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John84 03-07-2013 07:51 AM

Bathroom ceiling leak...
2 Attachment(s)
Hi everyone,

This morning, when I was brushing my teeth, I felt droplets on my back. I looked up to find that there was water dripping (slowly but surely) from my vent fan. There are little pockets of water around the area as well.

How can I determine where this is coming from?

Is this necessarily a roofing problem?

A friend suggested that it could just be a build up of condensation and told me to run the vent fan for an hour. I'm doing that, now but I have my doubts that it would be that easy.



John84 03-07-2013 07:56 AM

I just had a quick peak at my attic crawl space and I realized that I don't even know what I'm looking for. If it was from a hole in the roof, would it be very apparent?

By the way, it's nearing the end of winter so the snow (we got lots of snow recently) is starting to melt if this makes any difference as to what I am looking for or what might be wrong.

joecaption 03-07-2013 08:00 AM

Looks like that's been happening for a while.
Going to have to get up in the attic and take a look.
It's best if the line from the fan is insulated so it's less likly to condence before the air can be moved to the outside of the house.
If that insulation up in the attic is wet get it out of there asap and toss it before it molds up.

John84 03-07-2013 08:42 AM

Found the problem and I apologize now for the lack of terminology. Where the vent connects to the outside tube, it must have ripped off as its no longer attached. There are icicles formed around that area.

What do I do now?

What do I use to reconnect the tube? Just duct tape?

Should I try and remove as much of the icicles as possible?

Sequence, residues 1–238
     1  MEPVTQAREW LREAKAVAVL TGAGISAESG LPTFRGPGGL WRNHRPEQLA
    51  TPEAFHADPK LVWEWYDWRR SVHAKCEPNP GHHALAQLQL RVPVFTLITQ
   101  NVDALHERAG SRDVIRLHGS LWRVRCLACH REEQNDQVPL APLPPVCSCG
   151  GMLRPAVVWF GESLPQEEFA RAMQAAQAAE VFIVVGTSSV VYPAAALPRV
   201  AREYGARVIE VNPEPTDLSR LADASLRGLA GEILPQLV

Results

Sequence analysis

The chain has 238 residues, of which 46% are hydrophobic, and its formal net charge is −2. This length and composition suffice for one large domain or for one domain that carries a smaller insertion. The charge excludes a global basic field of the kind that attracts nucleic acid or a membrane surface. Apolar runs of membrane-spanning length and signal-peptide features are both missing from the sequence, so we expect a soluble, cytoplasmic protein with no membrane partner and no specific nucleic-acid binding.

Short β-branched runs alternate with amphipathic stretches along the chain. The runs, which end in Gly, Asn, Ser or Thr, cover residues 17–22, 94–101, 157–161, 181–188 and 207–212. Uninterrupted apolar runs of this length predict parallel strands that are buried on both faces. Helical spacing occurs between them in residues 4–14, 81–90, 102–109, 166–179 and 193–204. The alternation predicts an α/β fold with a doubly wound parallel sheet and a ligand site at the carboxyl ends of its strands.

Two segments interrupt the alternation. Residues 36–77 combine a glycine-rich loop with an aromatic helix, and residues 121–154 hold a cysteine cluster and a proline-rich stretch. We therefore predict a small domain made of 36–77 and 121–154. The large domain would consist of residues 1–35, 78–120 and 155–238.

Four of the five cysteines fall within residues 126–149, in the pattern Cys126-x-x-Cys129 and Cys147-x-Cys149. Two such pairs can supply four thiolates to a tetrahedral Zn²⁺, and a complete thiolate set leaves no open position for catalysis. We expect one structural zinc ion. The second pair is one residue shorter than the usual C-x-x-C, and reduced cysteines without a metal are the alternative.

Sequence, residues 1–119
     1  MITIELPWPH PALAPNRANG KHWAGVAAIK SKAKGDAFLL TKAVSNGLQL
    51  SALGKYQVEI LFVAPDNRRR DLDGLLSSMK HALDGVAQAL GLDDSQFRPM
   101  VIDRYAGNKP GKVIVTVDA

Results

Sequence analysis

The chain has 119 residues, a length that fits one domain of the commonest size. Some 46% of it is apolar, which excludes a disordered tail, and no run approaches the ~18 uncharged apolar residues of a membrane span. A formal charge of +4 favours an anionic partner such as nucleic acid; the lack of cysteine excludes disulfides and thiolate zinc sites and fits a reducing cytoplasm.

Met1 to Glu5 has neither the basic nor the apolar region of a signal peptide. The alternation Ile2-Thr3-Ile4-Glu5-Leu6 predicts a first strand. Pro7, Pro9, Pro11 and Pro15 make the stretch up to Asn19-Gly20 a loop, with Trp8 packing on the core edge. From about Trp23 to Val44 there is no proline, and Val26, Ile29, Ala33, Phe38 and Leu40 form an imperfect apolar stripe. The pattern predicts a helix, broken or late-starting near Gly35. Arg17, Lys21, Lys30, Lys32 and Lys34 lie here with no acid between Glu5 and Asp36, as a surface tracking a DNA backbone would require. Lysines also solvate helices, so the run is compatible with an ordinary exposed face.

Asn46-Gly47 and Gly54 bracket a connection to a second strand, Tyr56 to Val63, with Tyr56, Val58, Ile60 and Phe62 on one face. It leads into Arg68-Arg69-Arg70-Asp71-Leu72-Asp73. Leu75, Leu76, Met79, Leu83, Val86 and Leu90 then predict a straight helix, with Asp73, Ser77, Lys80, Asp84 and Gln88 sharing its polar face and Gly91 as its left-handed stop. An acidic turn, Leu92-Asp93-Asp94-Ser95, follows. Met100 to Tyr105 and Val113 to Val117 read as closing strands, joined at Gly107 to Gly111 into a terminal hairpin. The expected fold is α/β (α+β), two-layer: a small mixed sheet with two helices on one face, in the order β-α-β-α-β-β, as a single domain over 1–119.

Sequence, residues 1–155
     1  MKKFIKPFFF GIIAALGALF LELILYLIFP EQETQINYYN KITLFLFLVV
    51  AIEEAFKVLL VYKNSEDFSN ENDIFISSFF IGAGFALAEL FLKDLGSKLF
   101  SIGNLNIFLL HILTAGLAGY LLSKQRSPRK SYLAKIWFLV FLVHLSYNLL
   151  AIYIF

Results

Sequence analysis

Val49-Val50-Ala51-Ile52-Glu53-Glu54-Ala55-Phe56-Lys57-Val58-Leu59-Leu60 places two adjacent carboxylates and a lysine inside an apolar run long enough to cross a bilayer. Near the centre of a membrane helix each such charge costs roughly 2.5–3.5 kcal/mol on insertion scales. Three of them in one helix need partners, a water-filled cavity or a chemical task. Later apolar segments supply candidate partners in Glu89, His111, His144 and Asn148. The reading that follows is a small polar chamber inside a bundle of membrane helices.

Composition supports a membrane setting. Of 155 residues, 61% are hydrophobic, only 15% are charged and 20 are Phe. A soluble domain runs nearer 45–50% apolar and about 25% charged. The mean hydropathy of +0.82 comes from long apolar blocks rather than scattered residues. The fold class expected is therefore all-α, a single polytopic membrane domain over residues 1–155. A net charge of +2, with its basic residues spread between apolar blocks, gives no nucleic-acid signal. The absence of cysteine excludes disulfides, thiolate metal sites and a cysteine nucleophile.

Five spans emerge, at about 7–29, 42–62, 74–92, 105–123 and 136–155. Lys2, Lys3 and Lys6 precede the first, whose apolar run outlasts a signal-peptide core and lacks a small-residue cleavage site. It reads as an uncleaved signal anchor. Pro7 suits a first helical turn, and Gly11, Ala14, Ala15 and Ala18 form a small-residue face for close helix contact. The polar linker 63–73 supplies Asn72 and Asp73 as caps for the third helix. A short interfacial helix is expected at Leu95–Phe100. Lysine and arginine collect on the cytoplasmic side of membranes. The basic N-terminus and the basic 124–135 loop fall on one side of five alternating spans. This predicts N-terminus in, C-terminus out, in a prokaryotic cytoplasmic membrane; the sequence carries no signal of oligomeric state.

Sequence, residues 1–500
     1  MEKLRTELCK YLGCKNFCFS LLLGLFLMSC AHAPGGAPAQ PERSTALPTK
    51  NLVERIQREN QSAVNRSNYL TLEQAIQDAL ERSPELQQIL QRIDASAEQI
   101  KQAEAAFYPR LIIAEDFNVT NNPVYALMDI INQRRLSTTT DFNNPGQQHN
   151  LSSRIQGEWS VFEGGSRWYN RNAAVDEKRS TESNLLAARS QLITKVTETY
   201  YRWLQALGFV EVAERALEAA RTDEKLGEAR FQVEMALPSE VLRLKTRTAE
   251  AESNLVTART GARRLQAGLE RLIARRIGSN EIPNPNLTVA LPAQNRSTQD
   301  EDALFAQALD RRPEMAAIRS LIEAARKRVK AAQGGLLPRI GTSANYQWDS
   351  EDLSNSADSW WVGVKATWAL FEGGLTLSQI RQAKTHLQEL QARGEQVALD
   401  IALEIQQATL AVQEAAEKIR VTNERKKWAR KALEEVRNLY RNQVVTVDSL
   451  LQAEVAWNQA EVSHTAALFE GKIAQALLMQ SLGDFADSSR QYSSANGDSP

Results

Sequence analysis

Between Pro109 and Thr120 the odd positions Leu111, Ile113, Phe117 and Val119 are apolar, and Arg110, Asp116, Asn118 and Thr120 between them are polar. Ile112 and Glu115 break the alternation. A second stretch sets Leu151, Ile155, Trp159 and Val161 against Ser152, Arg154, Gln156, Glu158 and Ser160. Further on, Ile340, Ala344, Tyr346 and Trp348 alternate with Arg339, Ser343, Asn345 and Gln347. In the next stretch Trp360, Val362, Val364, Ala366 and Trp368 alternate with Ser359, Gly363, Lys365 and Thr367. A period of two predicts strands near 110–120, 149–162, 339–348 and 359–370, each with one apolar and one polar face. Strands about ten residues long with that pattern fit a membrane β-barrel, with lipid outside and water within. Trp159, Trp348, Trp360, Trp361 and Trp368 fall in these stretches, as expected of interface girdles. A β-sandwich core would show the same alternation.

What happens to the water pockets in the picture?

joecaption 03-07-2013 08:46 AM

You use foil tape not duct tape.

John84 03-07-2013 08:52 AM

Thanks for the help, Joe. Much appreciated.

jagans 03-07-2013 08:55 AM

Joe is correct, make sure the ductwork stays warm while it is within the building envelope, otherwise you will get condensation dripping from the pipe.
I prefer PVC Pipe from exhaust vents when the pipe is to be run through the attic. The joints, if you have any can be glued, and water tight, and plastic is an insulator.

joecaption 03-07-2013 08:56 AM

Make sure the flappers working to keep out most of the outside air.
Not there to feel it but if that drywall is now all punky concider replacing it.
Scrape off all that peeling paint.

Larryh86GT 03-07-2013 10:38 AM

When I first put an exhuast fan in my bathroom ceiling and ran the exhaust pipe up through the attic and out the ceiling I got this annoying condensation also even with insulating the pipe. My solution was to remove the ceiling fan and install a wall mounted exhaust fan. It has worked like a charm for years now. The only issue with it is ice buildup on the flapper from the moisture exhausted when the temperatures drop into single digits here.

John84 03-07-2013 11:08 AM

2 Attachment(s)
Here are photos of the problem; its now been taped up although it was wet in some parts around so i'm worried the foil tape will fall off.

Also, the amount of ice that formed around it on the second picture. I tried to remove as much of the ice as I could. The insulation was wet around there as well.

What would my next steps be?

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